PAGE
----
BRADFORD CITY joint chairman Edin Rahic last night insisted new head coach David Hopkin will have the final say on all football matters after refuting suggestions he has been too hands-on with previous regimes.
The former Scottish international this week became the fourth man to take the helm at Valley Parade on a permanent basis since the start of 2018.
Michael Collins, a surprise appointment in the summer, lasted just 77 days before being sacked in the wake of a start that had seen just six points claimed from as many league outings.
With Stuart McCall also being dismissed in February and Simon Grayson rejecting a two-year contract extension three months later, this has been a turbulent few months at a club that had become a byword for stability during Phil Parkinson’s near five-year reign.
Disillusioned supporters have blamed Rahic, whose relationship with McCall towards the end had deteriorated markedly. The City joint owner, however, is adamant those suggesting he has a hand in team selection and which players stay or go are wide of the mark.
“I don’t know where this discussion is coming from,” he said when asked about those supporter concerns. “I hear I am picking the team. How can a chairman pick a team? You can ask the former managers and head coaches, I have never picked a team.
“It is obvious my opinion doesn’t matter. Of course it doesn’t. It is the coach’s job. I pay them to do that job. So, they have to make those decisions.
“Look at Matt Kilgallon (City’s 2017-18 Player of the Year who left for Hamilton last week after being frozen out). The coaching team decided and only then informed me that Matt Kilgallon was not in their plans.
“Regardless of there being a transfer committee or not, the coaching team did not have him in their plans. They informed Matt and I then had to deal with that, ensuring what was best for Matt and for the club. I have very good relations with Matt and he was really very fair.”
Many of those who feel Rahic’s influence at Valley Parade extends too far point to the close season, when four of the eventual 17 signings were made before Collins had been appointed.
Rahic explained: “In the summer before we appointed a head coach, we had to make the decisions on players. It was Greg (Abbott, head of recruitment) and me then.
“Now, David is in charge and he will have the final say. The club would never sign a player for the first team when the manager does not have the final say.
“Why would a club do that? If the head coach does not play that player, then he is sitting next to me in the stand.”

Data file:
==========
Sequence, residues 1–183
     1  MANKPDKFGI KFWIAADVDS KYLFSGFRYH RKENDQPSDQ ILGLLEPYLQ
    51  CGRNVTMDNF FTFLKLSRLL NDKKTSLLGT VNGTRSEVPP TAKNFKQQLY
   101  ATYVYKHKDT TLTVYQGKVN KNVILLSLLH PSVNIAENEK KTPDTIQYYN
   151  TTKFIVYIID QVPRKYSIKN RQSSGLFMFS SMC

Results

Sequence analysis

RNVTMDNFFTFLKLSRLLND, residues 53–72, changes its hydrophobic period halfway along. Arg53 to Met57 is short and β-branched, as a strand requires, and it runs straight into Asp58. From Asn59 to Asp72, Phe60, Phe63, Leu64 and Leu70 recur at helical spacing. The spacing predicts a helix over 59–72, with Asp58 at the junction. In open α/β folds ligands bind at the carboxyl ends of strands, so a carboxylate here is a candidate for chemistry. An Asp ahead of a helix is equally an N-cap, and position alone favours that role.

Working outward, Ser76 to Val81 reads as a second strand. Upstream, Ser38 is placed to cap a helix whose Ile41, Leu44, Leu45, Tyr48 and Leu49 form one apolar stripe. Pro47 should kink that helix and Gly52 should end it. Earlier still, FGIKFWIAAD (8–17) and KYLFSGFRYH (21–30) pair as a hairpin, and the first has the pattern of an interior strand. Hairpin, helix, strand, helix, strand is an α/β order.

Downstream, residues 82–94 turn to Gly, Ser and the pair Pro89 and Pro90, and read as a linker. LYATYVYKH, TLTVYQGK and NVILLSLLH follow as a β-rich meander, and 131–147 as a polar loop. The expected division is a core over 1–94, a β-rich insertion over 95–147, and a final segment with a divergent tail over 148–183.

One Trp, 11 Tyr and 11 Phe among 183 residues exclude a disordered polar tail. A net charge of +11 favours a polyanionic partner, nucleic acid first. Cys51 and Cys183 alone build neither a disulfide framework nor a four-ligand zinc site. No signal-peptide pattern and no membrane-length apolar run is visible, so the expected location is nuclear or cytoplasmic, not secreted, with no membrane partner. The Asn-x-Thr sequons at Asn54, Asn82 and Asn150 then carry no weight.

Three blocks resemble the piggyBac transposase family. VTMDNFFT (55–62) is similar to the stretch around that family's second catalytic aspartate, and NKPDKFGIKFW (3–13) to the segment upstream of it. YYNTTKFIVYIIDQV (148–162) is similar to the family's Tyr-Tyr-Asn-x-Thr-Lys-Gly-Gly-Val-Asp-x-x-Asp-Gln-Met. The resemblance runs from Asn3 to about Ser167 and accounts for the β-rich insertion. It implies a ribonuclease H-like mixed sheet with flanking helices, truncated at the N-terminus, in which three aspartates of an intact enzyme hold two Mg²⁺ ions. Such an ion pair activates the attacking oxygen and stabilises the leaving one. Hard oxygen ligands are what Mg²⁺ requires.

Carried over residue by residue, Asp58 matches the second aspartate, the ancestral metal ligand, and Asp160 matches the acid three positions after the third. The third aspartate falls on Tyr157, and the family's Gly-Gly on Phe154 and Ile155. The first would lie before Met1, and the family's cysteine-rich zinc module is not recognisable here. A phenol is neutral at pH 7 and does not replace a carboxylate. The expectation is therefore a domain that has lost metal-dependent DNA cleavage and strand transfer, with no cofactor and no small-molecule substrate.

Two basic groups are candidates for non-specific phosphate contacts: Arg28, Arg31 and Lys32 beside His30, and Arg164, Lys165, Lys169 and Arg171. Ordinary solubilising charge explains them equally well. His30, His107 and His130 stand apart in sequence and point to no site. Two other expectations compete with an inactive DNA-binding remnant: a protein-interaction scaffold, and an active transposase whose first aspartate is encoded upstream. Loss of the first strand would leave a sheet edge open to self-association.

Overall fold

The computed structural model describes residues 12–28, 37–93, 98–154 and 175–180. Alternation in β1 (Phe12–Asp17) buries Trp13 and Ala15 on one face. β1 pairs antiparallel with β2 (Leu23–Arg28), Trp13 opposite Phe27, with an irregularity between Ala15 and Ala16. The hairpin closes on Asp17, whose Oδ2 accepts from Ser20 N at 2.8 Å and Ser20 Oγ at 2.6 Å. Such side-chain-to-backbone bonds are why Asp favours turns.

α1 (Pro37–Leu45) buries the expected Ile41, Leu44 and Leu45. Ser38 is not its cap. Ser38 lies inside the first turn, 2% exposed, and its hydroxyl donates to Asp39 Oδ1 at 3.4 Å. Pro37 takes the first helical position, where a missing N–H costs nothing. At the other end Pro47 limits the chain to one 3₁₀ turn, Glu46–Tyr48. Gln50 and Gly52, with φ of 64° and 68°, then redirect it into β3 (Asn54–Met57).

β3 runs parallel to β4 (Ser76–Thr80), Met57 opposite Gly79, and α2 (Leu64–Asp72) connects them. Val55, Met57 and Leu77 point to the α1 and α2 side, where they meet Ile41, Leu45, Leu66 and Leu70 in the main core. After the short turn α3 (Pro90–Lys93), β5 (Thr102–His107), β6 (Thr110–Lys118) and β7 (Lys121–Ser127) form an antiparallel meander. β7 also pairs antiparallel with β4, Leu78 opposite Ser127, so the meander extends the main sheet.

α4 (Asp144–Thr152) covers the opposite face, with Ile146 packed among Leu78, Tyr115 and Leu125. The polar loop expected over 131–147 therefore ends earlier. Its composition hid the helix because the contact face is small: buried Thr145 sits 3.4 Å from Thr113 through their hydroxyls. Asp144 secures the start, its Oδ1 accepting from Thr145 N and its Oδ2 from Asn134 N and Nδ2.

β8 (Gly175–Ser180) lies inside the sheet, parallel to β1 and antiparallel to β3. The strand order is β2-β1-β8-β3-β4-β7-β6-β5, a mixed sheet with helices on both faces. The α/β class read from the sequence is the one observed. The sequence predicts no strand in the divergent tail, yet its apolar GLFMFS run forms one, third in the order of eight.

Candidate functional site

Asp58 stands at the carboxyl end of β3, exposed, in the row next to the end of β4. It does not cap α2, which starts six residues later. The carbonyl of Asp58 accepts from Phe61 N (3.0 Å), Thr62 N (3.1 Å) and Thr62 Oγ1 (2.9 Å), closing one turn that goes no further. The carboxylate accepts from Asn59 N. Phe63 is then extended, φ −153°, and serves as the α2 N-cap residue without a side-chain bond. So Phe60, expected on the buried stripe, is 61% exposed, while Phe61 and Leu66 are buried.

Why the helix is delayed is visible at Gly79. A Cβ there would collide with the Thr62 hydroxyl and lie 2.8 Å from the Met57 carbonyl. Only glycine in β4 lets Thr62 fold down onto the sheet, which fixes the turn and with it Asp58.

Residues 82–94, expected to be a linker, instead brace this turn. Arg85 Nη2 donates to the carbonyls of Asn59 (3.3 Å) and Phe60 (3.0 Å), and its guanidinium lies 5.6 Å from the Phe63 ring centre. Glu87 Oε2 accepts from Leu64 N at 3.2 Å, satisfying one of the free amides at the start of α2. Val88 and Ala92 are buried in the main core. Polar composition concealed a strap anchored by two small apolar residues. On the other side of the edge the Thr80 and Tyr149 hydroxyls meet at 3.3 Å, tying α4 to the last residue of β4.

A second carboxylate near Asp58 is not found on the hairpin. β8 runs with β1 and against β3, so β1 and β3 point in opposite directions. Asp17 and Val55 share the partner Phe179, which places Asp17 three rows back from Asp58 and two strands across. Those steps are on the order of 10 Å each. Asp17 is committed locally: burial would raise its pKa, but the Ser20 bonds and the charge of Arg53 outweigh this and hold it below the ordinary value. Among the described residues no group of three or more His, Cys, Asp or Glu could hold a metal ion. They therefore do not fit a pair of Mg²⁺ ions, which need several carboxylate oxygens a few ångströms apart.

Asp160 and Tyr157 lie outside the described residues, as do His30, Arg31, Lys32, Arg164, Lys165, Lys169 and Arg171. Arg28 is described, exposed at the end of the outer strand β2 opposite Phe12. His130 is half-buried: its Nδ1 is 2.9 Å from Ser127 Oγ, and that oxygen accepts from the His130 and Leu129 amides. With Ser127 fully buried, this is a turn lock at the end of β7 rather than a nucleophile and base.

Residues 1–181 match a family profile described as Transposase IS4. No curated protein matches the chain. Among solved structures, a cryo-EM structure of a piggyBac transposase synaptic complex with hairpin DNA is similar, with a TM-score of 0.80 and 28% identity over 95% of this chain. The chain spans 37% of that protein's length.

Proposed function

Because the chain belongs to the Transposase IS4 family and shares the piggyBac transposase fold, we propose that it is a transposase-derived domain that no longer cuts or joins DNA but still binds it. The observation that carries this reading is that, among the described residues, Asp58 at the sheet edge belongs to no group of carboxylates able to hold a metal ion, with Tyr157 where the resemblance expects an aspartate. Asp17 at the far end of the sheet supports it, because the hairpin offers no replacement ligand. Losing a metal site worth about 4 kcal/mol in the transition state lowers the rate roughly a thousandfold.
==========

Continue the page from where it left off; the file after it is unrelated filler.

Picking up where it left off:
Such is the sense of unhappiness among supporters that a photo of Collins looking up towards Rahic from his seat in the dugout at Southend United quickly went viral on social media, the inference being that the head coach was being told what to do by his joint chairman.
“There was a picture of me during half-time,” added Rahic. “It was 0-0 and I saw them sitting on the bench. I said to them, ‘C’mon, we have a chance to win this game’. I wanted to show my support to the coaching team.
“Later, I was told (fans were saying) it was 10 minutes to go or 20 minutes to go, to influence the tactics or whatever.”
Asked by The Yorkshire Post if he had been worried Hopkin would be put off by this perception that the joint chairman interferes, Rahic replied: “It is very difficult for the club that people on the outside see only negativeness. Then, they have their own perceptions about what is going on at the club.
“But then he met me and his wife met me, and they saw I was a totally different person. I would think he had to have the feeling we could work together.
“His success was to have a very good relationship with the (Livingston) chairman. He can be successful again by having a very good relationship with me and vice-versa. Based on the short time we have known each other, I have a very good feeling.”
Hopkin, fresh from those back-to-back promotions in Scotland, returned to the club where he remains the record signing with a reputation for being hard but fair with his players.
“I have got high standards as a coach,” said the 48-year-old. “We have had double sessions on Tuesday and Thursday, and the players are starting to believe that I can coach.
“It is just about building that up over the next six weeks to get them up to speed. After that, I will be relentless with them.”
Hopkin will be assisted by Martin Drury and Abbott at Blackpool tomorrow. Beyond that, though, there is no indication yet as to who will make up his coaching staff. Rahic added: “David needs to know what backroom team is best for him and that is why it has to be his decision.
“If I have my opinion as to what is right and he is not comfortable with it, why should I make that decision? I will give him my full support.”